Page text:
SETH R. MICHAUD, CAPT, USMC
Seth Michaud '98
Date of birth: January 2, 1976
Date of death: June 22, 2003
From the 1998 Lucky Bag:
Via Arlington National Cemetery, originally published July 12, 2003:
Marine Captain Seth Michaud, who was killed last month by friendly fire in Africa, was remembered in his hometown yesterday as a doting husband and father, a gifted student and pilot and a generous man.
Michaud, a 27-year-old helicopter commander, died in a military exercise in Djibouti when a B-52 dropped nine M117, general-purpose bombs during a practice mission. The bombs hit near troops and two Marine CH-53E Super Stallion helicopters parked adjacent to the bombing range, officials said. His was the only death in the Combined Joint Task Force-Horn of Africa, which had begun training in counter-terrorism in Africa in November.
Nearly 200 friends and family filled St. Michael Church on Manning Street last night to pay their respects to Michaud's family: his parents, Karen and Francis Michaud; his siblings Ethan and Samantha; and his wife, Karen Marie, and their 18-month-old son, Ian.
Michaud's photograph in his Marine uniform, as well as his boots, jumpsuit and hat were on display as reminders of his life in service to his country. Michaud was buried earlier this month at Arlington National Cemetery.
Francis Michaud's fond memories of his eldest son began well before he joined the U.S. Marines or studied at the U.S. Naval Academy.
"I remember Seth as a boy. The books we read, the awesome spaceships we made with Legos," the soccer games and campfires on the lake, he said.
Besides being a standout student, Michaud was an avid athlete, Francis said. He was captain of the high school varsity soccer team his senior year, a member of the ski club, a wrestler his sophomore year, and a member of the track team. He was also an Eagle Scout who loved the outdoors.
"You were a wonderful role model to Ethan and Samantha," Francis said. The brothers went from fighting to becoming best friends in high school and Samantha chose a college in Virginia to be closer to her brother, Francis said.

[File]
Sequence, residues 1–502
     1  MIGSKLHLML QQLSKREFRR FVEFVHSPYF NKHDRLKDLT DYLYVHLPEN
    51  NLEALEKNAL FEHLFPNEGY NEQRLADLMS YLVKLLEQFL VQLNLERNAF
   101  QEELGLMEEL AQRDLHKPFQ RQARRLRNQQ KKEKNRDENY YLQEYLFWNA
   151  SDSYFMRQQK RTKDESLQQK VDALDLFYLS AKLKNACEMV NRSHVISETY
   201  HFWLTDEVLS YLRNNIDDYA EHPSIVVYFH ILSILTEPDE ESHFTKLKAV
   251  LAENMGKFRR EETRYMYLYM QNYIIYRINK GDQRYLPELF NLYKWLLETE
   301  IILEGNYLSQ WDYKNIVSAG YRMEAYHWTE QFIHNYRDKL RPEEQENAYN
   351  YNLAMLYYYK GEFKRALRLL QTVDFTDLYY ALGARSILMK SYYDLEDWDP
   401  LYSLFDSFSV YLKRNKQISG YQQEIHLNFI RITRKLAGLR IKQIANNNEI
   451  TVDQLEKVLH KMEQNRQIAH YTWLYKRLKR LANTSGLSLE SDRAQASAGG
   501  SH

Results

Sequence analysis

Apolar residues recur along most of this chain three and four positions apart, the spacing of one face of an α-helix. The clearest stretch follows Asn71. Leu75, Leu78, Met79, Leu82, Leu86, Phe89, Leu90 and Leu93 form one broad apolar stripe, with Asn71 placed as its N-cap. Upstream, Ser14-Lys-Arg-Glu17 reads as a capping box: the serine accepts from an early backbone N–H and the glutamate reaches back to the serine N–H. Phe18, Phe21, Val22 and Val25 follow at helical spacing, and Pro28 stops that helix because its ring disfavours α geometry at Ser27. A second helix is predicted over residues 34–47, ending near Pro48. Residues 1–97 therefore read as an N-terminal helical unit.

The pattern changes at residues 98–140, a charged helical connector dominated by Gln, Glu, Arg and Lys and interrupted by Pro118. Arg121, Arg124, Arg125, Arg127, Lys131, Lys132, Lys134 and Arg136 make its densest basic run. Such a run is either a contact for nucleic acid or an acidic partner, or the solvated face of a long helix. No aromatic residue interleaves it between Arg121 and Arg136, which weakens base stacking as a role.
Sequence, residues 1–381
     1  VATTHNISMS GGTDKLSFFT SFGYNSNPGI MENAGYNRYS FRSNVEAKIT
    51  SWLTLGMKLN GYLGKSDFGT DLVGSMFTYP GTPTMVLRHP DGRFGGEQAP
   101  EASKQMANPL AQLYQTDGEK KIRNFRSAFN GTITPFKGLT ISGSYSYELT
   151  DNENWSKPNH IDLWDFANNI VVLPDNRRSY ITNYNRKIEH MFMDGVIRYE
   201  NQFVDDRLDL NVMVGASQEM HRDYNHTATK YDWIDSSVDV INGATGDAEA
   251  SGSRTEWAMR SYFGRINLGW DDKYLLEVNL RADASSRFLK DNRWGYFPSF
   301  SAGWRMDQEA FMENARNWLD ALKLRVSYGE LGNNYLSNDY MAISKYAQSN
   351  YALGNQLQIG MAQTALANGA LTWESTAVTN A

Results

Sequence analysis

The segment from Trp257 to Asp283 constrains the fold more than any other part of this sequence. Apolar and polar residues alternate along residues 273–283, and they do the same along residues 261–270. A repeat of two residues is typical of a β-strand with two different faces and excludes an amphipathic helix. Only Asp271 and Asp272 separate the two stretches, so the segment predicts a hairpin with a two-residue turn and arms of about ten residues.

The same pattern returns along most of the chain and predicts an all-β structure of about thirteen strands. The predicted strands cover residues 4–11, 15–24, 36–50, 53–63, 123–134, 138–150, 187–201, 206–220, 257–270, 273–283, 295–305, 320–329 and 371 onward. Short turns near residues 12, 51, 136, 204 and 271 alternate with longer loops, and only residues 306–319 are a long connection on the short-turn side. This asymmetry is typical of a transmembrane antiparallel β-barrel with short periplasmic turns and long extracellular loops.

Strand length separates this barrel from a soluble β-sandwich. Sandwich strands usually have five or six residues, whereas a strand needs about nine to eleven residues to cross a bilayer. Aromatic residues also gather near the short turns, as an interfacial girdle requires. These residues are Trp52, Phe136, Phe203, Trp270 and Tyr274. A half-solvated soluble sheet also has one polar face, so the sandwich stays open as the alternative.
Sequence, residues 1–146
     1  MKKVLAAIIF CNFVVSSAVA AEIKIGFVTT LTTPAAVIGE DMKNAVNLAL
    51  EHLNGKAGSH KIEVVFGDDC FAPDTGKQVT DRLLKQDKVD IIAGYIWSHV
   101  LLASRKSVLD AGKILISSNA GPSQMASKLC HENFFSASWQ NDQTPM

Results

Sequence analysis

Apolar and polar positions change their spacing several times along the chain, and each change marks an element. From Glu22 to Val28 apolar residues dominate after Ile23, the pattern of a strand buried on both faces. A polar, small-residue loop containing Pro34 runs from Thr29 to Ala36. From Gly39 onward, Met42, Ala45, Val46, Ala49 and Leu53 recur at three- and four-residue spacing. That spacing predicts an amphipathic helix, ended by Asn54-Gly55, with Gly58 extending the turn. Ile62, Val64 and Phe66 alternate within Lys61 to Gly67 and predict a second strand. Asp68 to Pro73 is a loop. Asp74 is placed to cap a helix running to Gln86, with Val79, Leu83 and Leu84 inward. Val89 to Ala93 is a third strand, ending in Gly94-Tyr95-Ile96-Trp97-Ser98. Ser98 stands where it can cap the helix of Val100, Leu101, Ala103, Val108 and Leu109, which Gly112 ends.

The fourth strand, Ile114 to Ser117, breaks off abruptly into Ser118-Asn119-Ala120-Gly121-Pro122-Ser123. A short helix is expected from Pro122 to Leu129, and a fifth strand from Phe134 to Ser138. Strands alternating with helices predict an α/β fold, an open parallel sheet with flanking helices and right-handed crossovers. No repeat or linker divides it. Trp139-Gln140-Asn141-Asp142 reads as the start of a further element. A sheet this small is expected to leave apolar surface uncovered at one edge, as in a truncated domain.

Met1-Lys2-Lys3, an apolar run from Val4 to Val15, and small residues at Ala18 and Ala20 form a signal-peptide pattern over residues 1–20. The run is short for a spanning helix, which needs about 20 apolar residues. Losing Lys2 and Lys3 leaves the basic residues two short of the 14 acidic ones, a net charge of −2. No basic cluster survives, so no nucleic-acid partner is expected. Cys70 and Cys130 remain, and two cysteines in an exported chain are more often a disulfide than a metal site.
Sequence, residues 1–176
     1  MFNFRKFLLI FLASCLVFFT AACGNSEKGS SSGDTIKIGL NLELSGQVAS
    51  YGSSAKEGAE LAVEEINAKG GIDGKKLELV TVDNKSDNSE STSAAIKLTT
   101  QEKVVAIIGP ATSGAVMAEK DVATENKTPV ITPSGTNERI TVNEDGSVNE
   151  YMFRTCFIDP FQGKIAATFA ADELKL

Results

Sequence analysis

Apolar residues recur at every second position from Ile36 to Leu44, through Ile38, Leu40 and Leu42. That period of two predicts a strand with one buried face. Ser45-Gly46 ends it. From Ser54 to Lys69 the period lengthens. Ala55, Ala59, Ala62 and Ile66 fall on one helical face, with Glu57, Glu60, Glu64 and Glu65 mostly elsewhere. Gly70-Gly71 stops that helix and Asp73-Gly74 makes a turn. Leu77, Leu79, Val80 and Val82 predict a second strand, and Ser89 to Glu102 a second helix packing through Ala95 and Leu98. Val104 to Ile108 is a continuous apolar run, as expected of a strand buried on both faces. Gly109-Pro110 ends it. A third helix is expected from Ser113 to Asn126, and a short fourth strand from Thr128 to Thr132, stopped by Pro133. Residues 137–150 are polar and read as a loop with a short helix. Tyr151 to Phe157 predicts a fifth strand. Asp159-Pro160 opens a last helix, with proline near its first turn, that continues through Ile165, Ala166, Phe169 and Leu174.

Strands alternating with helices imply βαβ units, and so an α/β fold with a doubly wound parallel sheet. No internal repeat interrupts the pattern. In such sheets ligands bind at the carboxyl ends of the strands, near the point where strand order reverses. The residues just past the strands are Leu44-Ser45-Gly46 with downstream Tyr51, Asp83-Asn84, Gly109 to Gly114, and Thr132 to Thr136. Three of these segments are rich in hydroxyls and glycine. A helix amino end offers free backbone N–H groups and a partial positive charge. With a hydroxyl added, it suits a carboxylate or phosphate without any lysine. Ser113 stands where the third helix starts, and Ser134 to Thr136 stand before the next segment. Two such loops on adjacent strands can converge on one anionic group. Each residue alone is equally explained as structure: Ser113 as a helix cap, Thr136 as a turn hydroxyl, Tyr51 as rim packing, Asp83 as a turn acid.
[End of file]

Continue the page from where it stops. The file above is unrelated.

When Michaud graduated from Hudson High School in 1994, he went to the U.S. Naval Academy in Annapolis, Md., from where he graduated in 1998. Matt Burke, one of Michaud's best childhood friends, described him as "one of the most upstanding kids you'd ever meet."
Michaud was never the same after a friend introduced he and his future wife Karen on the ski slopes of Colorado when the two were in college.
The two were married in 1999 and when Ian was born, Michaud made his whole life his family, whether playing with Ian or making sure to set aside "cuddle time" with his wife at their home near Marine base Camp Lejeune in Jacksonville, N.C.
"You were a dedicated officer, a strong pilot and a proud Marine," Francis Michaud said.
Seth adopted the role of father quickly, though his own father at first wondered how he would have time for parenthood.
"You were so proud to be a daddy. All of the phone calls and stories were about Ian, there were even more of those than about flying."
Francis remembered how his son had regretfully said goodbye to his wife and his son when he left for Africa in April, expecting he might not see them for a year.
"As a young man you were full of integrity, a person who made a difference in our world," Francis said. "You are my hero and I know you are with us today with that grin."
Michaud was a gift from God who taken from this earth earlier than anyone could have expected, the Rev. Kenneth LeBlanc said in his homily.
LeBlanc urged friends to not only pray for Michaud but also for his family, who will have to spend every gathering, every anniversary or holiday or birthday, without him.
"A question that has been on all our minds, 'Why?'